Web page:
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Articles containing the keyword 'model comparison'.

Category: Research article

article id 10496, category Research article
Jouni Siipilehto, Harri Mäkinen, Kjell Andreassen, Mikko Peltoniemi. (2021). Models for integrating and identifying the effect of senescence on individual tree survival probability for Norway spruce. Silva Fennica vol. 55 no. 2 article id 10496. https://doi.org/10.14214/sf.10496
Highlights: The effect of senescence was integrated into an individual tree survival model; The best model showed good fit for managed, unmanaged and old-growth stands; The probability for a large tree to survive decreased with increasing stand age; The best performed model included an interaction term between stem diameter and stand age and also stand age as a separate independent variable.

Ageing and competition reduce trees’ ability to capture resources, which predisposes them to death. In this study, the effect of senescence on the survival probability of Norway spruce (Picea abies (L.) Karst.) was analysed by fitting alternative survival probability models. Different model formulations were compared in the dataset, which comprised managed and unmanaged plots in long-term forest experiments in Finland and Norway, as well as old-growth stands in Finland. Stand total age ranged from 19 to 290 years. Two models were formulated without an age variable, such that the negative coefficient for the squared stem diameter described a decreasing survival probability for the largest trees. One of the models included stand age as a separate independent variable, and three models included an interaction term between stem diameter and stand age. According to the model including stand age and its interaction with stem diameter, the survival probability curves could intersect each other in stands with a similar structure but a different mean age. Models that did not include stand age underestimated the survival rate of the largest trees in the managed stands and overestimated their survival rate in the old-growth stands. Models that included stand age produced more plausible predictions, especially for the largest trees. The results supported the hypothesis that the stand age and senescence of trees decreases the survival probability of trees, and that the ageing effect improves survival probability models for Norway spruce.

  • Siipilehto, Natural Resources Institute Finland (Luke), Natural resources, Latokartanonkaari 9, P.O. Box 2, FI-00790 Helsinki, Finland ORCID ID:E-mail: jouni.siipilehto@luke.fi (email)
  • Mäkinen, Natural Resources Institute Finland (Luke), Production systems, Latokartanonkaari 9, P.O. Box 2, FI-00790 Helsinki, Finland ORCID ID: https://orcid.org/0000-0002-1820-6264 E-mail: harri.makinen@luke.fi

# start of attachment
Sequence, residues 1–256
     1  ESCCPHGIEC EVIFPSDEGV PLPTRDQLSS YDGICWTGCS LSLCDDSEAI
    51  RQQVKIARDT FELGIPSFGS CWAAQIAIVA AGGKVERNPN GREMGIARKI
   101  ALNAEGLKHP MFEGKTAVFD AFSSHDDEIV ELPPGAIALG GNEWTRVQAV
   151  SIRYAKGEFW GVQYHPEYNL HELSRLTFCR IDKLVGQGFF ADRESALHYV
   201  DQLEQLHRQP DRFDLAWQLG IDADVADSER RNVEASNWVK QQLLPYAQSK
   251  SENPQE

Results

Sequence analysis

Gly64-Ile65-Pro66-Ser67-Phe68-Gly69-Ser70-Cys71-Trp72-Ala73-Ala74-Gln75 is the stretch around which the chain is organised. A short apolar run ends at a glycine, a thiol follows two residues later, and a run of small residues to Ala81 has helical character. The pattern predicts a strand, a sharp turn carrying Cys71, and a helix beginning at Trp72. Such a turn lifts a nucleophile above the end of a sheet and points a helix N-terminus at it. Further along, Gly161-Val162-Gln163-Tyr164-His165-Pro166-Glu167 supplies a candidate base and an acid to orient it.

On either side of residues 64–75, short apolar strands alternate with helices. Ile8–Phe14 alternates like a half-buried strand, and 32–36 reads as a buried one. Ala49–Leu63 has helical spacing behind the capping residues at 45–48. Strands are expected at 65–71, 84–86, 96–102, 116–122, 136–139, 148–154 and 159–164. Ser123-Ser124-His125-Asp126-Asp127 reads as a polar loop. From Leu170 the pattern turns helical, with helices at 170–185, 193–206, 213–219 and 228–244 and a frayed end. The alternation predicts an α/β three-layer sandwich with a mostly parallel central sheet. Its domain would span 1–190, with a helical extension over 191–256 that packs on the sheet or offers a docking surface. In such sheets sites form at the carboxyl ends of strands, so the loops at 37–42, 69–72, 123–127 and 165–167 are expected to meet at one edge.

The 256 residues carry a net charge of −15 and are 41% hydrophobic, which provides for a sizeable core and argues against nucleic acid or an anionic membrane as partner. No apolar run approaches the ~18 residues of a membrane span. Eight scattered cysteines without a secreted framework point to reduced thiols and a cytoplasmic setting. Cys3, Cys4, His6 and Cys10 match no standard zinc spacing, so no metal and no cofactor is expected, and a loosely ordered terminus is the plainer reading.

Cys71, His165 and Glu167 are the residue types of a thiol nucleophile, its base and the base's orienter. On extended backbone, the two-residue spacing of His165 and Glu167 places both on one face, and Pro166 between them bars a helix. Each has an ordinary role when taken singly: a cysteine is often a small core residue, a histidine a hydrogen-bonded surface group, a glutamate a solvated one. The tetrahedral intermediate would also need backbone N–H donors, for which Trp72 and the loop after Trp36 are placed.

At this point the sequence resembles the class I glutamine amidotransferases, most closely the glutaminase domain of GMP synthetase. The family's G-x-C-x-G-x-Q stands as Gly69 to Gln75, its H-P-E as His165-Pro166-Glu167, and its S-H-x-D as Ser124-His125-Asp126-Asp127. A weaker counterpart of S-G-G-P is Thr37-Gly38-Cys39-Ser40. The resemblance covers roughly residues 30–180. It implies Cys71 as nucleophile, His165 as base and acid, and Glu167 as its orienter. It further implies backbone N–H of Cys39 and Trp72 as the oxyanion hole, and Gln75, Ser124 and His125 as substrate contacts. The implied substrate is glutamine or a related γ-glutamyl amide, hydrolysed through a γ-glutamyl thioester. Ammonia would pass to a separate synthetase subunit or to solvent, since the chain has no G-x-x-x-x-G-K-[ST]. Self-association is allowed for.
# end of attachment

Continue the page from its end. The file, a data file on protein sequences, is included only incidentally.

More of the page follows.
• Andreassen, Norwegian Institute of Bioeconomy Research (NIBIO), NO-1431 Ås, Norway ORCID ID:E-mail: kjellandreassen@gmail.com
  • Peltoniemi, Natural Resources Institute Finland (Luke), Bioeconomy and environment, Latokartanonkaari 9, P.O. Box 2, FI-00790 Helsinki, Finland ORCID ID: https://orcid.org/0000-0003-2028-6969 E-mail: mikko.peltoniemi@luke.fi
article id 243, category Research article
Rupert Seidl, Werner Rammer, Petra Lasch, Franz-Werner Badeck, Manfred J. Lexer. (2008). Does conversion of even-aged, secondary coniferous forests affect carbon sequestration? A simulation study under changing environmental conditions. Silva Fennica vol. 42 no. 3 article id 243. https://doi.org/10.14214/sf.243
To circumvent problems associated with even-aged, pure coniferous stands propagated outside their natural range alternative management strategies and conversion programs are currently discussed in Central Europe. However, a mainstreaming of such adapted silvicultural systems with climate change mitigation objectives is missing to date. In this study the objective was to assess in situ C storage under conditions of climate change in a secondary Norway spruce (Picea abies (L.) Karst.) forest management unit in Austria. Four management strategies (Norway spruce age class forestry, transition to continuous cover forestry with Norway spruce, conversion to mixed conifer/broadleaved stands, no management) were investigated under current climate and two transient climate change scenarios in a simulation study. By comparing the results of two independent forest ecosystem models (PICUS v1.41, 4C) applied under identical forcings and boundary conditions we aimed at addressing uncertainties in model-based projections. A transition to continuous cover forestry increased C storage in all climate scenarios (+45.4 tC·ha–1 to +74.0 tC·ha–1 over the 100 year analysis period) compared to the approximately balanced C budget under the age class system. For the mixed conifer/broadleaved management variant predictions of the two models diverged significantly (+29.4 tC·ha–1 and –10.6 tC·ha–1 in PICUS and 4C respectively, current climate). With regard to climate change impacts both models agreed on distinct effects on productivity but lower sensitivity of C stocks due to compensation from respiration and adaptive harvest levels. In conclusion, considering the potential effects of silvicultural decisions on C stocks climate change mitigation should be addressed explicitly in programs advocating targeted change in management paradigms.
  • Seidl, Institute of Silviculture, BOKU, Vienna, Austria ORCID ID:E-mail: rupert.seidl@boku.ac.at (email)
  • Rammer, Institute of Silviculture, BOKU, Vienna, Austria ORCID ID:E-mail:
  • Lasch, Potsdam Institute for Climate Impact Research e.V., Potsdam, Germany ORCID ID:E-mail:
  • Badeck, Potsdam Institute for Climate Impact Research e.V., Potsdam, Germany ORCID ID:E-mail:
  • Lexer, Institute of Silviculture, BOKU, Vienna, Austria ORCID ID:E-mail:

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